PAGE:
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The Seder's Over ... Not

It’s late and we’re tired. Let’s leave out the songs at the end of the Passover seder. I mean, they don’t even mention Passover, so who cares. Yawn. But wait: Adir Hu (God Is Great), Echad Mi Yodeia (Who Knows 1?) and Chad Gadya (the little goat song) contain the answer to a great secret and mystery!

The secret to the mystery is that all these songs, found primarily in Ashkenazi (the tradition of European-based Jews) reflect God’s role as redeemer, our optimistic hope for the future – and most important – understanding Passover not just as a Festival celebrating God’s freeing us from Egyptian slavery but also as the first step in our journey to Mt. Sinai on Shavuot, seven weeks later. Songs can tell all that? Keep reading.

The text of Adir Hu (God is Great), built on an alphabetic acrostic, dates to the 6th/7th Century when it was originally chanted during all the Festival services. The melody – simple, repetitive and easily learned – was first notated in Germany in 1644 and has become THE sound of Passover. Its message is clear and simple: God is many things – all of them wonderful and powerful.

Echad Mi Yodeia (Who Knows 1?) is a cumulative number song (similar to the “Twelve Days of Christmas”) first found in a 15th Century German haggadah. It’s a joyous and raucous experience as we sing faster and faster, starting with 1 and working our way to 13 and back again in each verse. But there’s more: Echad Mi Yodeia teaches us that everything in the universe relates directly to God from the most obvious to the more obscure: 1 is God’s entirety; 5 are the number of Books in the Torah; 9 is the number of months of pregnancy; 8 is the number of days from birth to circumcision; 7 are the number of days from creation to Shabbat. No matter how seemingly mundane, God is present everywhere.

Chad Gadya, a poetic variation of the “little old woman who swallowed the fly” limerick is found primarily in Ashkenazi haggadot (some Sephardi haggadot include Chad Gadya in Ladino, Arabic or French). It’s a cute kid’s song: a little goat that daddy bought for two gold coins is bitten by a cat that is eaten by a dog … But it is in fact a study in Jewish history where we, Israel, are the goat “purchased” or redeemed by God, our Father. We – thanks to God – survive repeated oppression and subjugation as we witness the destruction of our enemies at God’s hands. How powerful is God? God even overcomes the Angel of Death. And we, through Passover and its movement to Shavuot, Torah and Sinai, overcome physical degradation and spiritual stagnation.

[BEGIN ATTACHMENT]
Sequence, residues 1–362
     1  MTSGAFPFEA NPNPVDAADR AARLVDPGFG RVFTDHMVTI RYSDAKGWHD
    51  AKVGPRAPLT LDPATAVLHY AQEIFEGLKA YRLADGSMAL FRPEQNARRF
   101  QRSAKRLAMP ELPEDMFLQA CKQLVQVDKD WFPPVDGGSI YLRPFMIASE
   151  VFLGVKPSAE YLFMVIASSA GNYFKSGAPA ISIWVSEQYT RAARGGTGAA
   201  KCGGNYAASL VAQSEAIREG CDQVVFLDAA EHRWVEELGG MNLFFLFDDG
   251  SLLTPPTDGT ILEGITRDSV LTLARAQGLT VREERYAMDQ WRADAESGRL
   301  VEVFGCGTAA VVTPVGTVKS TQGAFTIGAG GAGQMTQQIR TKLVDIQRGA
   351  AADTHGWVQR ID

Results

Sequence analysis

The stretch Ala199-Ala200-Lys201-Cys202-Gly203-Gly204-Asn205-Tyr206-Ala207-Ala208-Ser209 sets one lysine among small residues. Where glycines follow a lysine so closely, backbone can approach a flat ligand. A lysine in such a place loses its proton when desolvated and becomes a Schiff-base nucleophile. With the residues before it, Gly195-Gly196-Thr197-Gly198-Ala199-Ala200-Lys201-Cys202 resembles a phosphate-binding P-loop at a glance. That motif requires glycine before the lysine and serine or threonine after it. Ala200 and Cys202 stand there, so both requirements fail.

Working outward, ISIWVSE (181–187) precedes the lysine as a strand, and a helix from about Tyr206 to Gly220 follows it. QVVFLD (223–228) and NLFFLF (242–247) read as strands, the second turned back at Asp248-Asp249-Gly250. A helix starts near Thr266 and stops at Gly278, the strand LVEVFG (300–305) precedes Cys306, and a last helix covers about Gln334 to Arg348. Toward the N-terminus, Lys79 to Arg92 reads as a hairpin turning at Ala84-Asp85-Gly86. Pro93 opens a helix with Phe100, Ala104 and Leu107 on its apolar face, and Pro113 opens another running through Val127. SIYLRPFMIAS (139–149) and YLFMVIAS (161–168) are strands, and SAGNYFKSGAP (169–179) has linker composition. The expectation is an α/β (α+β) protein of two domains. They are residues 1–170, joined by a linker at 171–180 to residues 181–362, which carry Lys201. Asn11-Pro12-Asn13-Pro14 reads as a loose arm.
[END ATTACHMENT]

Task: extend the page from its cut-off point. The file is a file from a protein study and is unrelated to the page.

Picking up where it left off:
It’s odd, however: Chad Gadya is sung in Aramaic, not Hebrew. Why is a song written in German in 15th Century Germany sung by Ashkenazi Jews in Aramaic, the Jewish vernacular that had ceased to be spoken centuries earlier? There are a few reasons. As a closing text to the seder, Chad Gadya bookends the opening haggadah Aramaic text (Halachma, from 8th Century Babylon, “this is the bread of affliction – let all who are hungry come and eat …”). And singing in an unusual language also piques interest and adds yet another dimension to the understanding of the seder as a response to Roman brutality (Aramaic was the street language during the Roman occupation of Israel).

Too often the songs are overlooked because seders tend to end so late and we are tired. This year, I urge you to hang on until the very end – and know that Adir Hu, Echad Mi Yodeia, and Chad Gadya are as necessary to the seder experience as Dayeinu and the Four Questions. To hear the songs, go to the UJC’s website (, and follow the links to “Cantor Kessler Sings the Haggadah!”

Chag sameach – Happy Passover!


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